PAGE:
Joel noted that, while much has since changed in the world, members of the IC still believe that the existing rules and governance framework provide effective guidance on maintaining balance between security and privacy. He noted that some in the public clearly disagree, and that this divergence of views was part of what the workshop was convened to address.

He read a quote from President Obama:

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1 The United States Senate Select Committee to Study Governmental Operations with Respect to Intelligence Activities, chaired by Senator Frank Church, was formed in 1975 in response to “great public concern that the Congress take action to bring the intelligence agencies under the constitutional framework,” according to Senator Church’s letter of transmittal. The committee’s report was released in April 1976 (Select Committee to Study Governmental Operations with Respect to Intelligence Activities, 1976, Intelligence Activities and the Rights of Americans Book II: Final Report of the United States Senate Select Committee to Study Governmental Operations with Respect to Intelligence Activities, Washington, D.C.: U.S. Government Printing Office).

Suggested Citation:"2 Workshop Introduction." National Academies of Sciences, Engineering, and Medicine. 2016. Privacy Research and Best Practices: Summary of a Workshop for the Intelligence Community. Washington, DC: The National Academies Press. doi: 10.17226/21879.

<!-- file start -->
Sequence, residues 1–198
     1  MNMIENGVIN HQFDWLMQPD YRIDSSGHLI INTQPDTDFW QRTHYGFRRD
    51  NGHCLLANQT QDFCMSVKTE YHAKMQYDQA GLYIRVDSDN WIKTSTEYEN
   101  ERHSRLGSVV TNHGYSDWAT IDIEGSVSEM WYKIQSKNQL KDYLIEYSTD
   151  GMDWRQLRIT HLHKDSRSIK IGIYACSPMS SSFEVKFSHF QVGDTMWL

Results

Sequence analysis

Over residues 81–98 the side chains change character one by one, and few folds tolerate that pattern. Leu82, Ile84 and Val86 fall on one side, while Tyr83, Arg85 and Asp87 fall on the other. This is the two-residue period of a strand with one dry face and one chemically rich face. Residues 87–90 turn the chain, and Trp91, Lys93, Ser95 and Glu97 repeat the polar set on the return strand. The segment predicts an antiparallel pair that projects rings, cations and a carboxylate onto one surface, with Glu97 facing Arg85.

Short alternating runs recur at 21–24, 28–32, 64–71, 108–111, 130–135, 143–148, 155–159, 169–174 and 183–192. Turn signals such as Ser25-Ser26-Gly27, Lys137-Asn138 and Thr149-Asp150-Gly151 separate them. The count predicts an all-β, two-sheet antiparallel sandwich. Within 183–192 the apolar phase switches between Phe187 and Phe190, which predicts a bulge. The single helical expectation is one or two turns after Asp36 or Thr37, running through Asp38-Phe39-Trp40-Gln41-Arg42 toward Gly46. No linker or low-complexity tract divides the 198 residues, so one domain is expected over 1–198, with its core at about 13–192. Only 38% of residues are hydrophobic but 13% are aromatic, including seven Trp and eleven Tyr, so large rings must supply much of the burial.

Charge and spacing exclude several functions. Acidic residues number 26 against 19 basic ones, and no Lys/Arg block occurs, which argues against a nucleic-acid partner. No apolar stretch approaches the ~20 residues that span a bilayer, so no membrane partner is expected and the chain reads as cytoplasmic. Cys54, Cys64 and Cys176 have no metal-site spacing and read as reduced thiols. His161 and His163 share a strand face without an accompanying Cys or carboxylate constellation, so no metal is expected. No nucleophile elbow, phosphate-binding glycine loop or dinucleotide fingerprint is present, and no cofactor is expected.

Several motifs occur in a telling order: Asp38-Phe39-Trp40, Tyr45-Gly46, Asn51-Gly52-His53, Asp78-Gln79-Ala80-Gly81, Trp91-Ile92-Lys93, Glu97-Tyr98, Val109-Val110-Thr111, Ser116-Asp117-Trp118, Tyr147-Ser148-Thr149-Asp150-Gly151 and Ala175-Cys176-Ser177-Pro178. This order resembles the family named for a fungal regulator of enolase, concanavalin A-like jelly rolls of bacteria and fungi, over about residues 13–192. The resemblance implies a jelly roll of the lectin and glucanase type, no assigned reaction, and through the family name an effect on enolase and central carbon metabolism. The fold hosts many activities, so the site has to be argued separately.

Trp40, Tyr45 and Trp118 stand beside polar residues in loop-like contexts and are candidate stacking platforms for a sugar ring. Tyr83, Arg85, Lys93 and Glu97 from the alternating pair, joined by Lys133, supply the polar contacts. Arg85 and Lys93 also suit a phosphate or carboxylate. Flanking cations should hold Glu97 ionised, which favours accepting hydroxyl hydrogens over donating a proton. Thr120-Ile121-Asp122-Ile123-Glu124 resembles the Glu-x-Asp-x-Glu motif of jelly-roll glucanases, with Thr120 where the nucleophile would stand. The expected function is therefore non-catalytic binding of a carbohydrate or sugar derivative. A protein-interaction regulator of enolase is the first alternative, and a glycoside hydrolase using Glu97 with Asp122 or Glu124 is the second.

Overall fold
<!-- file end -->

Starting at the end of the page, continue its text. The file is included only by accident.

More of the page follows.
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Those who are troubled by our existing programs are not interested in repeating the tragedy of 9/11, and those who defend these programs are not dismissive of civil liberties. The challenge is getting the details right, and that is not simple.2

He pointed out that the rapid pace of technological change makes the challenge more difficult, but that technology concerns are not new. He quoted Justice Brandeis’s famous 1928 dissent in Olmstead v. United States:3

The progress of science in furnishing the Government with means of espionage is not likely to stop with wire-tapping. Ways may someday be developed by which the Government, without removing papers from secret drawers, can reproduce them in court, and by which it will be enabled to expose to a jury the most intimate occurrences of the home.4

A similar caution appeared in the Church committee’s report: